We have spent more than a year worrying about contact with others like us. Our public places have not been full of humans as intended. Our office buildings and stores are not operating to capacity. Retail and lodging markets are still in flux. Many of us venture from our homes carefully while many others who don’t have the luxury of staying home, having no choice but to work or being essential workers.
But things have evolved. We have adapted. Our sports had to adjust. Live music, having gone online, will return.
I looked back to an article of mine and notes taken at the beginning of the COVID-19 ordeal. Nothing but uncertainty, with a hint that what we were to experience was probably temporary but, for how long and how bad?
As real estate analysts, we count on measuring and understanding human behavior as shown primarily through the market evidence of transactional data An underlying rational process underpins appraisal even though markets are not necessarily rational. Appraisers and other analysts don’t make markets; the appraisal process is rooted in understanding the behavior of market participants.
COVID-19 helped redefine what an appraised value really means. There were many discussions during the shutdown of what the effective date really means. Some argued that without being able to reliable forecast the future, it made our values – which can be defined as the present value of future benefits, whether they are based on income or amenities – unreliable and meaningless. Others argued that any market value opinion can be subject to the same accusation.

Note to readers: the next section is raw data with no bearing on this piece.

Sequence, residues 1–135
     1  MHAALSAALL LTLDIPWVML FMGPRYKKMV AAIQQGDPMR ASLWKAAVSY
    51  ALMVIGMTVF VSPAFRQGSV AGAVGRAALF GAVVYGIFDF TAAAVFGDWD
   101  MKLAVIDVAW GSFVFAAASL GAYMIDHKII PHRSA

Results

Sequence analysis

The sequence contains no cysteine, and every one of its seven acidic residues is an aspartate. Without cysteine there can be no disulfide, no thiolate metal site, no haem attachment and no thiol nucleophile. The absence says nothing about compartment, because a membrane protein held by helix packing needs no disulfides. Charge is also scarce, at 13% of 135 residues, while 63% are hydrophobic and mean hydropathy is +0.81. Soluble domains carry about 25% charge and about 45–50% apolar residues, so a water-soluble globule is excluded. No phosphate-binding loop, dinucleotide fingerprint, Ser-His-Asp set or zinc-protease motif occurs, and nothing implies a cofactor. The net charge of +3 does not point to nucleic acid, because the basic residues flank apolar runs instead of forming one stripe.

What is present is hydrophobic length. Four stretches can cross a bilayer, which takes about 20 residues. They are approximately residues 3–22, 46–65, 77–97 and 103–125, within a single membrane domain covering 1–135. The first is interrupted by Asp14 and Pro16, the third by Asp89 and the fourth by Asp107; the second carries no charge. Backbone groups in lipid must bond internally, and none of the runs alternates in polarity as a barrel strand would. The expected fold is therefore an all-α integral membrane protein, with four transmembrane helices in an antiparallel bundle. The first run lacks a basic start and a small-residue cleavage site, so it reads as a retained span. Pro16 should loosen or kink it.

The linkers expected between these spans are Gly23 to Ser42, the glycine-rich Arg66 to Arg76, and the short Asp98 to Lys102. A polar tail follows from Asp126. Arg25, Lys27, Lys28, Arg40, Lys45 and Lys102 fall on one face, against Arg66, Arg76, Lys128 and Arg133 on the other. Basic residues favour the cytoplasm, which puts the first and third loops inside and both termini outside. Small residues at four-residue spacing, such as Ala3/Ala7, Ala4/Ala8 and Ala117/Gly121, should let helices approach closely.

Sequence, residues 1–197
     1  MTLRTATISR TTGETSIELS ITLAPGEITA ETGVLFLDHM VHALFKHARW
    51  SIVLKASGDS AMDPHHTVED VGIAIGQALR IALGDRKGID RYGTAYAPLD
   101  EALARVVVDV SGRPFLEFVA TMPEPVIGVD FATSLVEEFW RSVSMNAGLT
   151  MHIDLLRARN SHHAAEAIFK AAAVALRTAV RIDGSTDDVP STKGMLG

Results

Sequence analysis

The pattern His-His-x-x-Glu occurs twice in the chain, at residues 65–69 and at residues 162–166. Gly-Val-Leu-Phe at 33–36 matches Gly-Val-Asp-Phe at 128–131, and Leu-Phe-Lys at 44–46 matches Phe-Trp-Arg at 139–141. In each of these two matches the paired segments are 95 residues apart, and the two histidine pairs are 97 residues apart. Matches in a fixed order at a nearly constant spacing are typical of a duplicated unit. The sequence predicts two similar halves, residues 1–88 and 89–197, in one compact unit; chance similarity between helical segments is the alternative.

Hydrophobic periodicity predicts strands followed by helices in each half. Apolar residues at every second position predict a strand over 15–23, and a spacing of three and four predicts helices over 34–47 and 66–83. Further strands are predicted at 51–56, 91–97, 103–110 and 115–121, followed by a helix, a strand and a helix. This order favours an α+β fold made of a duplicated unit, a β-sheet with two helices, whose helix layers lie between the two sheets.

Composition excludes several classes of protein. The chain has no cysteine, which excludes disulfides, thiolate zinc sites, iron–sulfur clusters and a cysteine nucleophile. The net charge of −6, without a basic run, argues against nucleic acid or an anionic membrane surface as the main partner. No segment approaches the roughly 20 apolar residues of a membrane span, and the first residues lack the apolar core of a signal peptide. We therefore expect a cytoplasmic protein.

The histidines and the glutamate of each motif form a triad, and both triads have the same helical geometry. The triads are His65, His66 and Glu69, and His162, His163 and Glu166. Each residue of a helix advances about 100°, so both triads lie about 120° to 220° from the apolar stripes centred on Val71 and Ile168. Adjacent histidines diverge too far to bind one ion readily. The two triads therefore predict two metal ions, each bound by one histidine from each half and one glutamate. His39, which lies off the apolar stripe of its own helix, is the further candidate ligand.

The successful argument that emerged was that uncertainty is measured by the particular market with which the asset is associated: it could be a single family home or an office building with 100 tenants. COVID-19 was a great challenge to real estate – and real estate was not unique in being thus challenged – but markets would respond. A great deal of informed research and analysis comparing COVID-19 to other great societal and economic disasters such as The Great Recession, 911, Hurricane Katrina took place. Mostly, the conclusions reached indicated that each of these signal dislocations possessed their own dynamic and recoveries took place in integral ways.
No one expected markets to begin to recover and adapt as quickly as they did. Residential markets adapted beyond all reasonable expectations. Resort areas enjoyed surprisingly strong summers. Transactional activity, or the lack thereof, in various sectors, began to make sense out of uncertainty.
During the worst of it, the stock market dropped and dropped. Then it rallied. It rallied beyond expectations. Wasn’t that the height of irrationality?
Our values were not less reliable; if correctly developed, they reflected the prevailing attitudes of market uncertainty, uncertainty that appraisers are well-qualified to measure.
We are not done with COVID-19 and its effects. Separating out informed opinions from the uninformed is not much different today than it was before COVID-19.
Overreaction to short-term fluctuations is not the way of real estate. Value is expressed as a point in time but buyers and sellers tend to look over long horizons; that’s a good thing. During this difficult period, appraisers were absolutely crucial in bring calm to markets that were in a high state of agitation and uncertainty. These are still trying times but the appraisal profession learned some very positive lessons but not overreacting to chaotic conditions.
Bill Pastuszek, MAI, ASA, MRA heads Shepherd Associates LLC, Newton. Mass.